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Ian Jones

African‐American scientist and inventor who worked in Britain. Lewis Latimer's parents were Rebecca and George Latimer, fugitive slaves from Virginia who gained their liberty in the free state of Massachusetts, where Lewis was born. Lewis served in the American Civil War (1861–5), after which he worked as an office boy in a patent law firm. His employers soon recognized his talent for drawing and made him head draughtsman. He married Mary Wilson (1848–1937) in 1873 and wrote a poem for his wedding, which he later published in his collection Poems of Love and Life.

When he was 25, Lewis invented an improved toilet for railway carriages, and in 1876Alexander Graham Bell hired him to produce the drawings he needed to patent the telephone. Lewis was later headhunted by the US Electric Lighting Company, and in 1882 was awarded a patent for a ...

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C. M. Winston

printmaker and codeveloper of the carborundum mezzotint process, was born in Griffin, Georgia, the second of four children of Gus Thrash and Ophelia Thrash. Little is known about Thrash's father, and it is believed that his mother was a housekeeper and cook for a local family. Thrash left school after the fourth grade, seeking work to help support his family. In a letter to artist Jacob Kainen, dated 7 October 1948, Thrash stated, “After fifteen [I] began to travel through out [sic] the country doing odd jobs. My ambition to be an artist caused me to settle in Chicago.” In 1911, at the age of eighteen, Thrash arrived in Chicago, Illinois. He obtained a job as an elevator operator for the American Bank Note Engraving Company and by 1914 had enrolled in night school at the Art Institute of Chicago He attended classes part ...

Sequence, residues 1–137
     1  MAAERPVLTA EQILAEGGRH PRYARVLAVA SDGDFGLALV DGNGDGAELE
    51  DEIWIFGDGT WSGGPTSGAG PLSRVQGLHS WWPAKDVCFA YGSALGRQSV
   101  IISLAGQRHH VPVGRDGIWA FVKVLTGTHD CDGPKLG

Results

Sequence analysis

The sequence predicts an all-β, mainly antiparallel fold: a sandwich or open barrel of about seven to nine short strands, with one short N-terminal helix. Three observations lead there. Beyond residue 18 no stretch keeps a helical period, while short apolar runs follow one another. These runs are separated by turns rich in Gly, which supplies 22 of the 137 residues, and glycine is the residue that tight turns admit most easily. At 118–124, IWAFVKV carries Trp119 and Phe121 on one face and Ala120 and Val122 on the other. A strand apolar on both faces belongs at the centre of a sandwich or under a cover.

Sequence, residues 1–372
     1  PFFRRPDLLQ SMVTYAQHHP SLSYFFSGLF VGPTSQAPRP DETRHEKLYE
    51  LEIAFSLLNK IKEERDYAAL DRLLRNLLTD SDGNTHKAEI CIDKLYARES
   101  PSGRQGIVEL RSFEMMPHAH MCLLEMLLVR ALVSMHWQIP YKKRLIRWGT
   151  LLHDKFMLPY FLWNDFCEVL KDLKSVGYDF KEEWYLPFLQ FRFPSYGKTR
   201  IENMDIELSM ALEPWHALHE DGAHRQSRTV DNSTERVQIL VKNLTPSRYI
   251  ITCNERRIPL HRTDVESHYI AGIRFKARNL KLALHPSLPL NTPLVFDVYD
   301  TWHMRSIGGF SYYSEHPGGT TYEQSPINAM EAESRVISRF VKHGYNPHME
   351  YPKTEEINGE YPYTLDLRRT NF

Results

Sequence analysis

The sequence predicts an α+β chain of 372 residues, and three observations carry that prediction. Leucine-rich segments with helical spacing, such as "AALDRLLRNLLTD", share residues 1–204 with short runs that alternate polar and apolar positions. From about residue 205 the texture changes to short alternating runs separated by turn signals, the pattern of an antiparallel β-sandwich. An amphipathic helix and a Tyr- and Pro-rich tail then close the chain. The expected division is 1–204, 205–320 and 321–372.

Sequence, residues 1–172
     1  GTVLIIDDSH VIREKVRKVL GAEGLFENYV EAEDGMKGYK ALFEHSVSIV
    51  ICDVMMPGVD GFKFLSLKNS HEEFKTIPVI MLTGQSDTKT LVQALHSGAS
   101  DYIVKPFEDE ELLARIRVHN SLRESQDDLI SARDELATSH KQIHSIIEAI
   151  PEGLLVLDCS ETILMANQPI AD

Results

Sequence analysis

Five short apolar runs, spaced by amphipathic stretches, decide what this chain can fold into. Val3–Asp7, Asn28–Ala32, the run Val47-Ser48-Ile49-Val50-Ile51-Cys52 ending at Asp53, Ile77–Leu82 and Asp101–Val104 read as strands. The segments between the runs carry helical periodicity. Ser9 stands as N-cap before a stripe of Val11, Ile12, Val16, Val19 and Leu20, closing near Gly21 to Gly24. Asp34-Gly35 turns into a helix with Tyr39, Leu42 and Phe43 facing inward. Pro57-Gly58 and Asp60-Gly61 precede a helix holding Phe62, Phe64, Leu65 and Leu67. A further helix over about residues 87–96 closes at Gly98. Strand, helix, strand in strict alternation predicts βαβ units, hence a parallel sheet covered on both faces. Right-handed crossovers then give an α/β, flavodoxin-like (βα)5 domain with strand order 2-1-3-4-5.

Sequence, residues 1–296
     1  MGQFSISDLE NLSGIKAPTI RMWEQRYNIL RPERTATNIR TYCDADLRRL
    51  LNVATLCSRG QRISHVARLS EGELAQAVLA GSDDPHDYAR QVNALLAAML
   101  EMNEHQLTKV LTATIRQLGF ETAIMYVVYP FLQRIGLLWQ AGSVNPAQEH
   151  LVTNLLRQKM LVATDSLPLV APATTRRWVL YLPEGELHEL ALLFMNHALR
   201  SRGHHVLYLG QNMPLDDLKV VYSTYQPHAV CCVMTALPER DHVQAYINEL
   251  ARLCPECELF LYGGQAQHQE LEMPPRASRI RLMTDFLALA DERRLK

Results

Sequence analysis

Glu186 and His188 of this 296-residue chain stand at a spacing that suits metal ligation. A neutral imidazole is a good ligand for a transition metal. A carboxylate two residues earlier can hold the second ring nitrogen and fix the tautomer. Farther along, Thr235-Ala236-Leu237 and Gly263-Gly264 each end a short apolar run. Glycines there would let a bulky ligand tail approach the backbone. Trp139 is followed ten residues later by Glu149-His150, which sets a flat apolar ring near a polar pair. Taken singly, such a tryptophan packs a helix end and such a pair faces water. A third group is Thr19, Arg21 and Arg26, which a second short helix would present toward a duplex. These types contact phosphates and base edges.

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Dox Thrash was born in Griffin, Georgia. After studying for several years at the Art Institute of Chicago, Thrash settled in Philadelphia, Pennsylvania. Once there he painted signs and worked on the Federal Arts Project (FAP) to earn a living. Working with the FAP, in the Graphic Division, he helped invent a new lithographic process, called the carborundum print-process. This created prints with more expressive tones and variation. His carbographs explored the portraits of African Americans, landscapes, and scenes of slum life. My Neighbor (1937) and the landscape Deserted Cabin (1939) are examples of Thrash's carbographs. In the late 1930s and through the 1940s Thrash's work was shown in many prominent places, including a 1942 solo exhibition at the Philadelphia Museum of Art.

See also Artists, African American.